"It seems like everybody ought to be packing a piece," said Ramm, a visitor from Ukiah, California. "I don't know if that's the right thing to do."
Ramm and other tourists found out about the law Monday from a gun control group handing out leaflets at Miami International Airport.
The leaflets begin with the words "An Important Notice to Florida Visitors" in bold red type by the Brady Campaign to Prevent Gun Violence.
"Do not argue unnecessarily with local people," it says. "If someone appears to be angry with you, maintain to the best of your ability a positive attitude, and do not shout or make threatening gestures."
Florida's "stand your ground" law, which took effect Saturday, removes a duty on the part of citizens to retreat in the face of an attack as long as they are in a place they have a legal right to be, including a public street or their place of business.
It also gives immunity from criminal or civil charges to a shooter as long as the person shot is not a police officer.
Proponents of the measure, pushed by the National Rifle Association, say it will make Florida a safer place, not more dangerous. Gov. Jeb Bush has repeatedly pointed to a 34-year low in state crime statistics to demonstrate that Florida is not a haven for violence.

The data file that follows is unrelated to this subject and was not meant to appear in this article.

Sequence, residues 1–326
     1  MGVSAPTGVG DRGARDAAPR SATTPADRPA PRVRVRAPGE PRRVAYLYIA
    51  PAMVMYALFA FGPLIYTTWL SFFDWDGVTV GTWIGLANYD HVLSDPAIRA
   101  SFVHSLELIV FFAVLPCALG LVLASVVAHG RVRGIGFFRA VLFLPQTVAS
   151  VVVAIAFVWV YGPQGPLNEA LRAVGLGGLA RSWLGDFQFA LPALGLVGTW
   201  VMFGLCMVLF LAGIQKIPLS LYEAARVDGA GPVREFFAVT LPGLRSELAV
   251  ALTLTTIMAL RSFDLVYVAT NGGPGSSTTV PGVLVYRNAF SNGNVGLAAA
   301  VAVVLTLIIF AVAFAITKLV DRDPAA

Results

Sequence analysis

"It's pure, unadulterated politics," Bush said last week of the Brady Campaign's tactics. "Shame on them."
The Florida tourism industry, however, is taking the campaign seriously. Visit Florida, the state's official tourism marketing arm, issued a statement calling Florida "a very safe and secure destination that excels in caring for its visitors."
The statement said: "We believe that Americans and international visitors are smart enough to understand that the Brady Campaign is one group's political agenda and not a real safety issue."
Florida hosts more than 1 million visitors on any given day, with nearly 80 million tourists visiting the state in 2004, according to Visit Florida.
The Brady Campaign leaflets, which the group intends to hand out for about a month at the Miami and Orlando airports, call the measure the "Shoot First" law and urge people to "take sensible precautions" while visiting the state.
"There is no other state in the nation -- and no other civilized nation on Earth -- that has a law like this," said Brady Campaign spokesman Peter Hamm. "It could cause the most aggressive people in society to overreact."
The group also has taken out ads in major Detroit, Chicago, Boston and London newspapers about the new Florida law.
Several people handed leaflets at the Miami airport on Monday appeared taken aback by the new law.
"It's a little scary," said Melissa Vosberg, on her way home to the Chicago area after a cruise in the Bahamas. "It's 'shoot first, ask about it later."'
Gun control loonies blowing it way out of proportion to get attention. It's no different then me going around with fliers screaming "aahhh stay inside, lightning will strike you!"
Yeah, I bet it is even scarier to have to live in fear to run away. Stand your ground is excellent and I hope it moves out to other states.